Plater v. Doe et al

Filing 54

OPINION AND ORDER Overruling Plater's Objections 47 , Adopting Report and Recommendation 45 , Granting City of Detroit's Motion to Dismiss 17 , and Granting Anderson's Motion to Set Aside Default 36 . Signed by District Judge Laurie J. Michelson. (EPar)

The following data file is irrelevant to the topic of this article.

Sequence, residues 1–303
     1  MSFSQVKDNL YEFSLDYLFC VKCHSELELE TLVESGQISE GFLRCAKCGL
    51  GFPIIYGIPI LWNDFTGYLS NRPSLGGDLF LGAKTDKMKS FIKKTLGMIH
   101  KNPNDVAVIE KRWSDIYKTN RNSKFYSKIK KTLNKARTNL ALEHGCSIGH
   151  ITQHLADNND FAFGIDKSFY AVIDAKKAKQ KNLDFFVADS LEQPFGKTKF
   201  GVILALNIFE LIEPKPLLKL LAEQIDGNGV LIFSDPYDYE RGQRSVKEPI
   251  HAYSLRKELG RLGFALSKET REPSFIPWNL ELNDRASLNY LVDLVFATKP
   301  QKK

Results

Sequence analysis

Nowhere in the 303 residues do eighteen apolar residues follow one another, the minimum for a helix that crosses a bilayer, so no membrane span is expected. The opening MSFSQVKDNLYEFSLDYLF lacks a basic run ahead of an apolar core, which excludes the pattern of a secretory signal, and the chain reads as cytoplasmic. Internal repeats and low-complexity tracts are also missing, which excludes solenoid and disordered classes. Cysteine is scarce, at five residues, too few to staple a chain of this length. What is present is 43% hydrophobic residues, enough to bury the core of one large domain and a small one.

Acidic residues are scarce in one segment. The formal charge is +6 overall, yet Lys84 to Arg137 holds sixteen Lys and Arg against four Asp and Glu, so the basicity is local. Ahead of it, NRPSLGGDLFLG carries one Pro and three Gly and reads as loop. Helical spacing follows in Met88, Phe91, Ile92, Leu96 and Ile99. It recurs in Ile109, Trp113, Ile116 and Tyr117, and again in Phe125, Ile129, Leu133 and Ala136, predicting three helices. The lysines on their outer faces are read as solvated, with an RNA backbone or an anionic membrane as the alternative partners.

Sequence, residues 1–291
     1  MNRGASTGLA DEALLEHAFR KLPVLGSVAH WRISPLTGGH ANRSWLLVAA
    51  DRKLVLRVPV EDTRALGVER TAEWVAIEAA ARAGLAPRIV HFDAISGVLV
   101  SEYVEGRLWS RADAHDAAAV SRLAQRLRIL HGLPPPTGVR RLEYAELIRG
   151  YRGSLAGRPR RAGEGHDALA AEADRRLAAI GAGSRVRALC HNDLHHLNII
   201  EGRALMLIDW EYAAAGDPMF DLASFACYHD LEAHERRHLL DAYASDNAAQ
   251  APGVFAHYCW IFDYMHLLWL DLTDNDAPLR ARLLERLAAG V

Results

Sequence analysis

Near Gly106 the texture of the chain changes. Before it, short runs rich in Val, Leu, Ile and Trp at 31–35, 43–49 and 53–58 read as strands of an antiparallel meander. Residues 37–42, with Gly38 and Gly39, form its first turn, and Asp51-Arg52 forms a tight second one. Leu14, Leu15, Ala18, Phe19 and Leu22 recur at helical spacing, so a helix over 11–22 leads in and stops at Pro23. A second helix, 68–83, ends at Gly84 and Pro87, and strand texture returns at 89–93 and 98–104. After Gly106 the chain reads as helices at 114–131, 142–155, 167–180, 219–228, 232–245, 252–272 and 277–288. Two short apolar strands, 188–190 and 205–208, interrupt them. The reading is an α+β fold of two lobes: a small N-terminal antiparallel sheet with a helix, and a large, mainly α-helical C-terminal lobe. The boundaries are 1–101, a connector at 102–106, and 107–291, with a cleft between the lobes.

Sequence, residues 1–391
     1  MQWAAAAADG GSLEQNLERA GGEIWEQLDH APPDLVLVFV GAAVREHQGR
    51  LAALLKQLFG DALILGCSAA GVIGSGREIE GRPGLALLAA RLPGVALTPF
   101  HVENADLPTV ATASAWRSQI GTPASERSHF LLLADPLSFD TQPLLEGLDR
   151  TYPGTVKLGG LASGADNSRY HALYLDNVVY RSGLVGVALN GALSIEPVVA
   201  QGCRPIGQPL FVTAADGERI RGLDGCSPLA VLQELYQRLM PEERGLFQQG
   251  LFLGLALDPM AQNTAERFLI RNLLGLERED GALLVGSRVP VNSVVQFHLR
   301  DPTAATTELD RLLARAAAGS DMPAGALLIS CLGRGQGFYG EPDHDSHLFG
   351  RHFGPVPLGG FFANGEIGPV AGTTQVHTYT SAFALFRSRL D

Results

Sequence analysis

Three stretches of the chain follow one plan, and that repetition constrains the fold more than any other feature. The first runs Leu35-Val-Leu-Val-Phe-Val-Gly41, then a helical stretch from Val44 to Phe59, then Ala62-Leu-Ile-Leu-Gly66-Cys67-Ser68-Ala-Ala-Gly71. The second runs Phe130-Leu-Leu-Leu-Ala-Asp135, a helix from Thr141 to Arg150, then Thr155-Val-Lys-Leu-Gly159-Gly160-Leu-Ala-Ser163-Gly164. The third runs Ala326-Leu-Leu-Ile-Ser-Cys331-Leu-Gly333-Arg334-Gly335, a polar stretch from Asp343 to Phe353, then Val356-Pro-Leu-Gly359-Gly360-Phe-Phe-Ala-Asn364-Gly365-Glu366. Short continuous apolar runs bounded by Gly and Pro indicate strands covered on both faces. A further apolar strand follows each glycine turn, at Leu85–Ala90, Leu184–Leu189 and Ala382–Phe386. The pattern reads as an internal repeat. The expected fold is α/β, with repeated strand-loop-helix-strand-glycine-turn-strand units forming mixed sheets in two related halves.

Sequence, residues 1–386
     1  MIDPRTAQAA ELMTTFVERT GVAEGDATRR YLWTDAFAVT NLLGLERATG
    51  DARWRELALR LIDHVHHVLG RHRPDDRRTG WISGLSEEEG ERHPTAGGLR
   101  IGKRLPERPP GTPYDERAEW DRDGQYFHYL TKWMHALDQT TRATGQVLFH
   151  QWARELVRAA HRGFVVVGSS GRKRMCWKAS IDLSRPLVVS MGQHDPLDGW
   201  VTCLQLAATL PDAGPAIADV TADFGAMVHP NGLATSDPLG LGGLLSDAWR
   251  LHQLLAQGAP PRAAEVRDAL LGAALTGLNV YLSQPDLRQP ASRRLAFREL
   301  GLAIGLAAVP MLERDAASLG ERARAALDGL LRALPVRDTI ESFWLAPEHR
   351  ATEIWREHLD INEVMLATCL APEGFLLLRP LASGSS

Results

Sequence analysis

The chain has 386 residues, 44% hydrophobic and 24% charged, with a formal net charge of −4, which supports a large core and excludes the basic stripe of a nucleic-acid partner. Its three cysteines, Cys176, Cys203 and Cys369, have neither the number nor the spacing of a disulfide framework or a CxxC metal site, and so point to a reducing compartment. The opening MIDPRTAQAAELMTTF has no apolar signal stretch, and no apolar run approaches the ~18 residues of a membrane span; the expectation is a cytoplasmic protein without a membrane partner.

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UNITED STATES DISTRICT COURT EASTERN DISTRICT OF MICHIGAN SOUTHERN DIVISION HORREZ TAWANA PLATER, Plaintiff, v. Case No. 23-10440 Honorable Laurie J. Michelson Magistrate Judge Elizabeth A. Stafford CITY OF DETROIT et al., Defendants. OPINION AND ORDER OVERRULING PLATER’S OBJECTIONS [47], ADOPTING REPORT AND RECOMMENDATION [45], GRANTING CITY OF DETROIT’S MOTION TO DISMISS [17], AND GRANTING ANDERSON’S MOTION TO SET ASIDE DEFAULT [36] Background Horrez Tawana Plater alleges she was detained by Detroit Police Officer Max Zahringer, who ordered her out of her vehicle, handcuffed her, and seized her phone without explanation. (ECF No. 12, PageID.25.) Plater also alleges that Officer Samuel Anderson, Zahringer’s supervisor, later arrived at the scene and asked Plater if she remembered threatening to “blow the precinct up,” an allegation Plater denied. (Id.) The officers then allegedly took Plater to the Detroit Team Wellness Center where she was held overnight. (Id.) The next day, Plater attempted to recover her cellphone and her vehicle, which had been towed. (Id.) She was able to retrieve her car for $210 but says she was unable to retrieve her cellphone from police. (Id.) Twelve days later, on February 21, 2023, she filed a complaint in this Court against both officers and the City of Detroit claiming the officers violated her constitutional rights “to be free from unreasonable search and seizures, to be free from false arrest, and to be compensated for taking of property.” (ECF No. 1, PageID.1.) Plater reasserted these claims in a subsequently filed amended complaint. (ECF No. 12.) The City promptly filed a motion to dismiss (ECF No. 17), and Anderson moved to set aside the default that had been entered against him and to quash service (ECF No. 36). The Court referred the case to Magistrate Judge Elizabeth A. Stafford for all pretrial matters under 28 U.S.C. § 636(b)(1). (ECF No. 11.) Judge Stafford issued a Report and Recommendation to grant the City’s motion to dismiss and Anderson’s motion to set aside the default. (ECF No. 45.) Plater has now objected. (ECF No. 47.) For the reasons that follow, the Court adopts the Recommendation in full. Standard of Review When a party objects to a magistrate judge’s report and recommendation, a district judge reviews the issues raised by the objections de novo; there is no obligation to review un-objected to issues. See Fed. R. Civ. P. 72(b); Thomas v. Arn, 474 U.S. 140, 150 (1985); Garrison v. Equifax Info. Servs., LLC, No. 10-13990, 2012 WL 1278044, at *8 (E.D. Mich. Apr. 16, 2012). “The district court need not provide de novo review where the objections are frivolous, conclusory or general. The parties have the duty to pinpoint those portions of the magistrate’s report that the district court must specially consider.” Mira v. Marshall, 806 F.2d 636, 637 (6th Cir. 1986) (cleaned up). Objections should be “specific in order to focus the busy district court’s attention on only those issues that were dispositive and contentious.” Howard v. Sec’y of Health & Hum. Servs., 932 F.2d 505, 509 (6th Cir. 1991). 2 Furthermore, “[t]o survive a motion to dismiss, a complaint must contain sufficient factual matter, accepted as true, to ‘state a claim to relief that is plausible on its face.’” Ashcroft v. Iqbal, 556 U.S. 662, 678 (2009) (quoting Bell Atl. Corp. v. Twombly, 550 U.S. 544, 570 (2007)). Here, the City can be liable only if the challenged conduct occurred under its “official policy” so that the City’s “promulgation or adoption of the policy can be said to have ‘caused’ one of its employees to violate the Plaintiff’s constitutional rights.” D’Ambrosio v. Marino, 747 F.3d 378, 386 (6th Cir. 2014) (citing Monell v. Dep’t of Soc. Servs., 436 U.S. 658, 692 (1978)). A party cannot be liable under § 1983 based on respondeat superior. Monell, 436 U.S. at 691. “A plaintiff must therefore specify a governmental policy or custom from which his injuries flowed.” Brown v. Cuyahoga County, 517 F. App’x 431, 436 (6th Cir. 2013). Boilerplate, conclusory allegations based on a single incident are not enough to state a plausible claim of municipal liability. See Spainhoward v. White County, 421 F. Supp. 3d 524, 544 (M.D. Tenn. 2019). Despite the title of her filing, Plater does not raise any specific objections to the Magistrate Judge’s recommendation to set aside the default as to Anderson. Thus, the Court adopts this portion of Judge Stafford’s ruling and grants Anderson’s motion to set aside the default and quash service. Plater does object to the recommendation that the City be dismissed. Her objections, however, simply reiterate her arguments from below and do not point to any specific error in the report and recommendation. See Cole v. Yukins, 7 F. App’x 354, 356 (6th Cir. 2001) (“The filing of vague, general, or conclusory objections does 3 not meet the requirement of specific objections and is tantamount to a complete failure to object.”); Spencer v. Bouchard, 449 F.3d 721, 725 (6th Cir. 2006). (“[O]bjections disput[ing] the correctness of the magistrate’s recommendation but fail[ing] to specify the findings . . . believed [to be] in error’ are too general.”) (quotation omitted). But even if the Court assumes that Plater properly objected, a review of her claims shows that the magistrate judge’s ruling was not erroneous. Analysis Plater’s objections are geared toward a Monell claim. She argues, “The City of Detroit is a necessary party to this suit as it is the employer of the officers in question and has a duty to ensure that its police officials adhere to constitutional standards when faced with potential civil rights violations.” (ECF No. 47, PageID.161.) The City, Plater continues, is liable for its “practice of refusing to properly hire and failure to train employees, police officers[,] regarding safeguarding citizens’ rights to be free from unlawful search and seizure,” and that this improper hiring and failure to train led to her unlawful arrest. (Id. at PageID.162.) She further argues that the City had “no policies regarding the custom and practice . . . . of unlawful arrest based on false mental health reports,” even though it should have been on notice of the issue because of “criticism for the police department[’]s handling of mental illness cases” and prior instances of misconduct (which she does not identify). (Id. at PageID.162–163.) To reiterate, the City cannot be held liable under § 1983 based on respondeat superior, that is, merely because of the actions of its employees. Monell, 436 U.S. at 4 691. A city may “be found liable under § 1983 only where the municipality itself caused the constitutional violation at issue.” City of Canton v. Harris, 489 U.S. 378, 385 (1989) (citing Monell, 436 U.S. at 694–95). This can come from “(1) the municipality’s legislative enactments or official policies; (2) actions taken by officials with final decision-making authority; (3) a policy of inadequate training or supervision; or (4) a custom of tolerance or acquiescence of federal violations.” Winkler v. Madison County, 893 F.3d 877, 901 (6th Cir. 2018). Plater is focused on the alleged inadequate training of officers in responding to situations involving individuals with mental health issues, including the City’s lack of a policy for such training. (See ECF No. 47.) A city can be held liable under a theory of failure to train only under “limited circumstances.” City of Canton, 489 U.S. at 387. Under the failure to train theory, Plater had to plead “(1) a clear and persistent pattern of illegal activity, (2) which the [city] knew or should have known about, (3) yet remained deliberately indifferent about, and (4) that the [city’s] custom was the cause of the deprivation of [Plater’s] constitutional rights.” Siefert v. Hamilton Cty., 951 F.3d 753, 767 (6th Cir. 2020). The Court need not wade too deeply into this analysis. As the Magistrate Judge found, Plater’s complaint did not allege that the City failed to properly train its officers. (ECF No. 45, PageID.153.) And raising allegations and making arguments about this in her dispositive motion reply brief did not cure the deficiency. (Id. (citing Jocham v. Tuscola County, 239 F. Supp. 2d 714, 732 (E.D. Mich. 2003))). 5 But even considering these allegations that Plater reiterates in her objections as if they had been pled, they are too conclusory to state a plausible claim of municipal liability. See Spainhoward, 421 F. Supp. 3d at 544. Construed liberally, Plater’s objection claims the City was on notice that the failure to train officers on how to respond to mental health calls would lead to constitutional violations. But the only reason she claims the City was on notice was because it had “faced criticism for the police department[’]s handling of mental illness cases” and “[t]here have been instances where . . . [it] ha[s] been accused of lacking proper training and resources.” (ECF No. 47, PageID.163.) Plater alleges no specific prior instances of misconduct and “criticism” or “accusations” are not enough to hold the City liable. See Parker v. City of Highland Park, 437 F. Supp. 3d 609, 622 (E.D. Mich. 202); see also Brown v. Battle Creek Police Dep’t, 844 F.3d 556, 573 (6th Cir. 2016) (“To establish deliberate indifference, the plaintiff must show prior instances of unconstitutional conduct demonstrating that the [City] has ignored a history of abuse and was clearly on notice that the training in this particular area was deficient and likely to cause injury.”). In sum, Plater has not and cannot plead a policy or custom or a failure to train such that the City can be held liable for the officers’ actions. So the Magistrate Judge properly found that she has failed to state a claim against the City for any alleged constitutional violations of its officers. Conclusion Accordingly, the Court ADOPTS Magistrate Judge Stafford’s recommendations. (ECF No. 45.) The City’s motion to dismiss is GRANTED and the 6 City is DISMISSED from the case. Anderson’s motion to set aside default and to quash the alleged service is GRANTED. SO ORDERED. Dated: November 14, 2023 s/Laurie J. Michelson LAURIE J. MICHELSON UNITED STATES DISTRICT JUDGE 7